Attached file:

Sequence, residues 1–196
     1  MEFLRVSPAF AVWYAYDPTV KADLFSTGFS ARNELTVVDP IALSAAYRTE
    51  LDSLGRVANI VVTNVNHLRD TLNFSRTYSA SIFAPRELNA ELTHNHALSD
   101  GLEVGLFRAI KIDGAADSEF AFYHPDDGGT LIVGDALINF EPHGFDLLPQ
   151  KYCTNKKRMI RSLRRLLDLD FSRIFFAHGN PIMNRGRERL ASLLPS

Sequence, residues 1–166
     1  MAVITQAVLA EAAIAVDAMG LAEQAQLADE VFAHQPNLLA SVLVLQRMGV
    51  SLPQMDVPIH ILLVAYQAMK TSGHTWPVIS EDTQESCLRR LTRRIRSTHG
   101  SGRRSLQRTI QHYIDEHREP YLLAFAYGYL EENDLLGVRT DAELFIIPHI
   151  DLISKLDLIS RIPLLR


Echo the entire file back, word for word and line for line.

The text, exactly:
Sequence, residues 1–196
     1  MEFLRVSPAF AVWYAYDPTV KADLFSTGFS ARNELTVVDP IALSAAYRTE
    51  LDSLGRVANI VVTNVNHLRD TLNFSRTYSA SIFAPRELNA ELTHNHALSD
   101  GLEVGLFRAI KIDGAADSEF AFYHPDDGGT LIVGDALINF EPHGFDLLPQ
   151  KYCTNKKRMI RSLRRLLDLD FSRIFFAHGN PIMNRGRERL ASLLPS

Sequence, residues 1–166
     1  MAVITQAVLA EAAIAVDAMG LAEQAQLADE VFAHQPNLLA SVLVLQRMGV
    51  SLPQMDVPIH ILLVAYQAMK TSGHTWPVIS EDTQESCLRR LTRRIRSTHG
   101  SGRRSLQRTI QHYIDEHREP YLLAFAYGYL EENDLLGVRT DAELFIIPHI
   151  DLISKLDLIS RIPLLR